Thursday, February 14, 2019

And now we are Officially Starting to Slide Down the Seneca Cliff: The A380 Goes the way the Concorde Went



And there goes the A380, too. You would think that the European aerospace industry wouldn't repeat the mistake they made with the Concorde, would they? But they managed not only to repeat it, but too make it bigger.

At the time of the Concorde, everyone said that the future was with supersonic passenger planes. At the time of the A380, everyone said that the future was with large wide-body planes. Now, I wonder what else they could concoct if someone doesn't stop them, and I can easily think of them doing something even worse. Fortunately, with the EU in the sad state it is, maybe they won't have that chance.

In any case, a just punishment for those who think they can predict the future by extrapolating the past.



19 comments:

  1. This actually follows quickly the recent demise of the Boeing 747 Jumbo Jet. I started a thread on the Diner to track this stuff called "The Death of Aviation". It does mark the beginning of the end for the air travel industry.

    RE

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  2. While there are some efficiency gains to be had in commercial aviation I don't think that is the trend for the future as they are too small to warrant a transition. I think that it will just start shrinking and getting more expensive to fly but even that will happen slower than we think.

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  3. This is a European Commission publication March 2017, Final Report, Annual Analysis for 2016.
    https://ec.europa.eu/transport/sites/transport/files/2016_eu_air_transport_industry_analyses_report.pdf

    I have not been able to find the Report for 2017 in the same series.

    The Report for 2016 is upbeat and quotes an average growth in air traffic over decades of 5% annually, and describes the industry as “resilient”, through “shocks, recessions”.

    The report says “Amongst the drivers of air traffic demand, economic growth is the primary driver of demand, both as it largely explains past performance and it forms the basis of forecast continued growth.”

    See how it goes, I suppose, in the next few years, but Airbus must now know something it presumably did not know even two or three years ago? See below.
    best
    Phil

    Extract from p108
    New Generation Aircraft
    The aviation industry is entering an era of new technology that will bring a new generation of intelligent aircraft in the market. The new generation of airliners will allow longer maintenance intervals and repair changes as well as better health monitoring and prognostics of maintenance needs.
    The entry into service of the A350, with its first commercial flight in January 2015 by Qatar Airways, has been the latest milestone of the arrivals of new generation aircraft. Together with the A380, B747-8, B787-9, and soon the A320neo and the B737max, these new aircraft types will replace a ageing and maintenance intensive aircraft types.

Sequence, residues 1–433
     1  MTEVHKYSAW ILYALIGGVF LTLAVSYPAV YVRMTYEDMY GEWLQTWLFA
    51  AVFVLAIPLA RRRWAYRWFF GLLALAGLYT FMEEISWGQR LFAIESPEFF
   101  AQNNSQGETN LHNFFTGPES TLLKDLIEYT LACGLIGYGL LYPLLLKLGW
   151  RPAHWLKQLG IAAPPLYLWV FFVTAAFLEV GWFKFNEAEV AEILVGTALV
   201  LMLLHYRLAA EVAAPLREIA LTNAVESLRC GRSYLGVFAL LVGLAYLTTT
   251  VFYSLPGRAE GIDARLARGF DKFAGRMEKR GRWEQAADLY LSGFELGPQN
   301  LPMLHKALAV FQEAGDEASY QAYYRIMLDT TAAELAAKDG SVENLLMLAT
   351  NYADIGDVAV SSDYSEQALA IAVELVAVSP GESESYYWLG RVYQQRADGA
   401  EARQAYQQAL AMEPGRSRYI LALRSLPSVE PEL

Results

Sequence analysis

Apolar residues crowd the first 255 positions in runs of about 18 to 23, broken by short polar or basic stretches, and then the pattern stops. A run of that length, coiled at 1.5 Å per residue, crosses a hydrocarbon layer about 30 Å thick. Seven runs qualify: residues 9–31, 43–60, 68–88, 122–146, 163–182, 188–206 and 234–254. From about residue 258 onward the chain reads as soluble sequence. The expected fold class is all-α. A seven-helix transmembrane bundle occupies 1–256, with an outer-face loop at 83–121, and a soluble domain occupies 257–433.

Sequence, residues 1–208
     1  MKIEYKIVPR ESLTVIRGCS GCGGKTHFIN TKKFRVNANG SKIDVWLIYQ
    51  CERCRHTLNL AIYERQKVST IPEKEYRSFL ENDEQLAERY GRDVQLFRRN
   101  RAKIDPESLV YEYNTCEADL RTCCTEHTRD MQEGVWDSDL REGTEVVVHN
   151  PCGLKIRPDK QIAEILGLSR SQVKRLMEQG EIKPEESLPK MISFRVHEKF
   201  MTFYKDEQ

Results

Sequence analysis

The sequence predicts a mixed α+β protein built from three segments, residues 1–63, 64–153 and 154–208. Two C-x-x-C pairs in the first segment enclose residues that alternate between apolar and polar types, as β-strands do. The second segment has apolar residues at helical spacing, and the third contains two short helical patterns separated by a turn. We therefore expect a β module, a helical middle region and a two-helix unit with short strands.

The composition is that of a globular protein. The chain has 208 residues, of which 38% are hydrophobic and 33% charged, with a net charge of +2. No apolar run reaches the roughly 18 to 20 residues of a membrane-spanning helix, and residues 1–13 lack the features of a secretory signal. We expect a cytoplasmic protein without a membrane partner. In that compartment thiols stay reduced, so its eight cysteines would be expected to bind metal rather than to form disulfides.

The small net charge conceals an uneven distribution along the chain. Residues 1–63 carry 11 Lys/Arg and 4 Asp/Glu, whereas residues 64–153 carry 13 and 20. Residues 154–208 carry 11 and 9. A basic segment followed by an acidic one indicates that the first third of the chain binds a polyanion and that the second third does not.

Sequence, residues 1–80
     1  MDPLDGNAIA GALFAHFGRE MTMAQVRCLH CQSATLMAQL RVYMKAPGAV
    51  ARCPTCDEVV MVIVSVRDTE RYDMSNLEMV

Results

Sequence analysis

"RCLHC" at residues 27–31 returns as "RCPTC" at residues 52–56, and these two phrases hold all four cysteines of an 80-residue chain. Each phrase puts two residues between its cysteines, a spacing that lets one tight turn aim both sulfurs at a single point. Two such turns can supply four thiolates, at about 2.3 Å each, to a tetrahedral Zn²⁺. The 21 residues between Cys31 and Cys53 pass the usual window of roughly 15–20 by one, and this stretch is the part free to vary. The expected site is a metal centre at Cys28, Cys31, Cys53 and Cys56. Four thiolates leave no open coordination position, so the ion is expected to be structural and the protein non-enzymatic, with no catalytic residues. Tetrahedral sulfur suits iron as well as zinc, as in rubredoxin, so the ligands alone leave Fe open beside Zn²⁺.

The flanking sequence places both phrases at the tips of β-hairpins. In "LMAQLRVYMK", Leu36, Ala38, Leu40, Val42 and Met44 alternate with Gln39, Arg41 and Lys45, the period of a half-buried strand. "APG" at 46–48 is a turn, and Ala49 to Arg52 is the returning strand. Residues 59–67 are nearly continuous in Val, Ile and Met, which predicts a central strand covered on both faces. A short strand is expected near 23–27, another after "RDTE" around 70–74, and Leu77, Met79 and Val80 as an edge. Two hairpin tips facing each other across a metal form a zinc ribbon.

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    Replies
    1. Yes, in terms of number of passengers, the situation could be see in bullish terms. With the demise of long-distance trains, people seem to be willing to endure the abuse they receive from TSA people and the personnel of low cost airlines -- in both cases, I am sure, hired from veteran wardens of the Abu Ghirab prison. So, the system can still pull ranks and survive, even though ominous signs of collapse are clear.

      Delete
    2. My point really was that something seems to have changed since 2016, and I just note for now the perceived link in the past with 'global economic growth'.
      Airbus e.g. Airbus 380, is supposed to be very long term with the resources to ride cyclical downturns in traffic and to depend on average growth over decades. So what has changed Airbus decisions?
      google 'airline receivership 2019'

      best
      Phil H

      Delete
  4. Eh, when the number of 777s and A350s in service starts falling (without an equivalent replacement) ... that would be a real sign of going over the cliff.

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  5. Well the true test is whether they made profit out of the whole endeavor. If they still did despite the write off and huge R&D then I would say it wasn't a mistake and it is prudent to shut it down after its 'useful' life.

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    Replies
    1. Come on, Ian, they may be able to cook the books in such a way to show that they didn't lose too much money -- or maybe they even gained some. But it is a disaster nevertheless. It reminds me of when Napoleon came back from Russia, saying, "so, I lost an army. So what? I'll raise another)

      Delete
    2. The airline industry has NEVER made a real profit. Like the automotive industry, it was debt financed from the beginning and depended on cheap oil to last basically in perpetuity. Unfortunately, cheap oil did not last forever, and the debt financing is running up against the "Minsky Moment".